Furthermore, interest rates are obviously now increasing, and Hancock is reasonably asset sensitive. Its most recent sensitivity disclosure has a 100bps shock increase in rates producing a 7% lift to net interest income in the first year, which is about average among its peer group. The bank is also still sitting on a fair amount of excess liquidity – much of which will go towards aforementioned loan growth, but with some scope to invest in higher-yielding securities too.
While these are largely industry-wide tailwinds, at least for the asset sensitive banks, there are some Hancock-specific points to consider that make things a bit more interesting here. Firstly, and notwithstanding the inflationary pressures seen at other banks, management is actually guiding for a circa 2% reduction in non-interest expenses this year. Also, Hancock has quite a bit more leeway left on provisioning, with its loan loss allowance still at around 1.80% of total loans at the end of last year. At the very least, it isn't going to be facing the same degree of pressure to near-term EPS, which should actually increase in FY22.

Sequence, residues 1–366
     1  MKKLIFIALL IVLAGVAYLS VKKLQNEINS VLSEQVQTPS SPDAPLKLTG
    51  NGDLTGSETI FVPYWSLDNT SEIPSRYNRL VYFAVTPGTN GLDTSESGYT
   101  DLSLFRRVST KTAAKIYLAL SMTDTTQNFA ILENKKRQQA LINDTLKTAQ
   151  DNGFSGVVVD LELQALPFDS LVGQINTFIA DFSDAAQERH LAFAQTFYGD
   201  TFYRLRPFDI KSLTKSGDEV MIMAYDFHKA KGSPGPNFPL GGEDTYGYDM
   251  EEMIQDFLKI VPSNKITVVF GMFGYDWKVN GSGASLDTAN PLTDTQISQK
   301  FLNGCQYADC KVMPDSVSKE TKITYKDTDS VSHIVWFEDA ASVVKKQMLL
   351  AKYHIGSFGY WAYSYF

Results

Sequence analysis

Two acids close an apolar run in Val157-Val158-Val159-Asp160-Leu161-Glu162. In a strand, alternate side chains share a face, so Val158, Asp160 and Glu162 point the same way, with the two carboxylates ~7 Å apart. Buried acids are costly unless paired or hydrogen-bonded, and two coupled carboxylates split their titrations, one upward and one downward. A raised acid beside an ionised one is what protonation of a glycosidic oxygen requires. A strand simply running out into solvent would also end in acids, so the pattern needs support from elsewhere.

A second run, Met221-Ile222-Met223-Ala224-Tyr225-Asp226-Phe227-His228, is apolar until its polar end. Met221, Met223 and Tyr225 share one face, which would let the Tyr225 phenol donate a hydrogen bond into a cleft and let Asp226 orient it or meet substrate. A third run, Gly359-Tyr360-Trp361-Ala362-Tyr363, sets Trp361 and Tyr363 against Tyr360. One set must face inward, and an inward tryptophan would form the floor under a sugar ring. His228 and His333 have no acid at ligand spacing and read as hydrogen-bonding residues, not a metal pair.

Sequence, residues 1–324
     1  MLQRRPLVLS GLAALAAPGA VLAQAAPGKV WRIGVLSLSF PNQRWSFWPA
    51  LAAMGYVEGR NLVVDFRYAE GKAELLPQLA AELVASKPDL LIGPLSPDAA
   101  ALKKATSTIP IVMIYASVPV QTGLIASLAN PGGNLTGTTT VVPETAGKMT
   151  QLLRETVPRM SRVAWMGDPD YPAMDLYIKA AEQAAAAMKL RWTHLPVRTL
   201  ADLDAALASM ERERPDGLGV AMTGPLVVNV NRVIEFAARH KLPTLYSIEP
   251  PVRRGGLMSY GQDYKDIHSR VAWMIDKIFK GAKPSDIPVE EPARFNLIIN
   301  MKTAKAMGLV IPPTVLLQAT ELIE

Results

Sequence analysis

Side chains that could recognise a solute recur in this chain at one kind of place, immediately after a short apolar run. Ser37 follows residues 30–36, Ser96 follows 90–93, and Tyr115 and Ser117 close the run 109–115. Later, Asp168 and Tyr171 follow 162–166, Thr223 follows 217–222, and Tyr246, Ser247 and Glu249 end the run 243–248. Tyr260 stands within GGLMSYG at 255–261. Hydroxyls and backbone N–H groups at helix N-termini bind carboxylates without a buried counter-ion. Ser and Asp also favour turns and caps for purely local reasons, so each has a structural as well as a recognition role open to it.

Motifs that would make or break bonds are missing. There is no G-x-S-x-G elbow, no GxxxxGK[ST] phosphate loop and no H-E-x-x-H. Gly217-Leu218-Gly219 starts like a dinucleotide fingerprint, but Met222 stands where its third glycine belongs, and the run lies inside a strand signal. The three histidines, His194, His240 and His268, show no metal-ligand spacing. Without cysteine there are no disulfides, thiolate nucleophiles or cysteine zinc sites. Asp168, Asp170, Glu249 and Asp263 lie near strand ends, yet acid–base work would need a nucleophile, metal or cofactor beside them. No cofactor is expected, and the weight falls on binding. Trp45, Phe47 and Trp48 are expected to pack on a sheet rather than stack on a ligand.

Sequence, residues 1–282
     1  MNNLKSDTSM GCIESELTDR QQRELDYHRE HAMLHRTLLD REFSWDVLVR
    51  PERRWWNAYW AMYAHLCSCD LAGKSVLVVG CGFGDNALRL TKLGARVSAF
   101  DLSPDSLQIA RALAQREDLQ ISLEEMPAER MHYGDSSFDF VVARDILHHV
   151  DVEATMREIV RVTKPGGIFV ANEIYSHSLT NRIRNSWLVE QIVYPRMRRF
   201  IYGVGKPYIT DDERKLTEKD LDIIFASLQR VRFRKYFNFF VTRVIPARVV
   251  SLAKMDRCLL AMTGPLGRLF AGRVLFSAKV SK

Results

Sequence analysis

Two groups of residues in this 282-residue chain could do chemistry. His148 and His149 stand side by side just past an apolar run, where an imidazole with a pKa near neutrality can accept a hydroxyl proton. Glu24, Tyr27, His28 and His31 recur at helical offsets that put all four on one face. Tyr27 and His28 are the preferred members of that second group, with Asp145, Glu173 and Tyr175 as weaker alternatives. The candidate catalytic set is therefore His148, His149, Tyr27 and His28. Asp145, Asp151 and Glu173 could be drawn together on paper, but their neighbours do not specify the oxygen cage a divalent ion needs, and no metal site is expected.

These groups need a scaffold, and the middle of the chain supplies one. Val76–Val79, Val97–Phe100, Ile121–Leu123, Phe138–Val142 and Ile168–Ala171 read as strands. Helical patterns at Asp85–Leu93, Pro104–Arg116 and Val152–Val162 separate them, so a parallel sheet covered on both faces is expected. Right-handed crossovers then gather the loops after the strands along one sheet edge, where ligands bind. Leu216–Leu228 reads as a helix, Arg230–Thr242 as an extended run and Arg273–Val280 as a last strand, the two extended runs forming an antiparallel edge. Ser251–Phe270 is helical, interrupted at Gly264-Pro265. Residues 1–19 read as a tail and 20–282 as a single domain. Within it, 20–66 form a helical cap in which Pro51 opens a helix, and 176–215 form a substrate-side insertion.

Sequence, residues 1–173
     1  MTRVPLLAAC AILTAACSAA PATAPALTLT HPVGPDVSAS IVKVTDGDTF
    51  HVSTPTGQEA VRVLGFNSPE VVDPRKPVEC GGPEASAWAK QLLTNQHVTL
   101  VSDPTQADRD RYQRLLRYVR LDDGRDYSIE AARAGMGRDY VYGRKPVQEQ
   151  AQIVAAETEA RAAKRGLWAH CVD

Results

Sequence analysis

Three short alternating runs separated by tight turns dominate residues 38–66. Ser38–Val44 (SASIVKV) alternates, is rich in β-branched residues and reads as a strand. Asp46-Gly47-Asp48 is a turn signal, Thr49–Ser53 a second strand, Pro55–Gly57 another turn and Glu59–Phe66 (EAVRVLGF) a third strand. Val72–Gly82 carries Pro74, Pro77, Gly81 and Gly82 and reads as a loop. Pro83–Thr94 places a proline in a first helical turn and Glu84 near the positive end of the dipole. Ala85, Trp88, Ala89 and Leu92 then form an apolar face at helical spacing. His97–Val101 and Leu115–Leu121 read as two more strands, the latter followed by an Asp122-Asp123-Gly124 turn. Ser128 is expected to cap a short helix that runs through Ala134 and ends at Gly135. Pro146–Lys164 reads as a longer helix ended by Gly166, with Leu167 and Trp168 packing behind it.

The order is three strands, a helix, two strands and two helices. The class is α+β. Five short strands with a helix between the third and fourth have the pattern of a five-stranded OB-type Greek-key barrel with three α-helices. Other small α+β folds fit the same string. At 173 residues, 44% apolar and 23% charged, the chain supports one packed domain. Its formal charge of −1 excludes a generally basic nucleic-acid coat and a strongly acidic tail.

Still Some Upside To The Valuation
It isn't always easy recommending a stock after it has been on a strong run, and Hancock has outperformed its peer group to varying degrees recently (with the degree of outperformance depending on which regional bank index you use) as well as the S&P 500.
Granted, these shares don't really look all that cheap at around 1.65x TBV, but for a bank posting a mid-teens ROTE I'd argue for a fair value closer to 2x TBV. All said, I can see that contributing to double-digit annualized returns here in the medium term, with that ultimately consisting of circa 6% annualized TBV per share growth, in line with its historical rate; the current dividend of $1.08 per share, equal to a yield of 2.1%, growing at the same rate as TBV per share; and, finally, a low single-digit annualized tailwind from an expanding P/TBV multiple. Buy.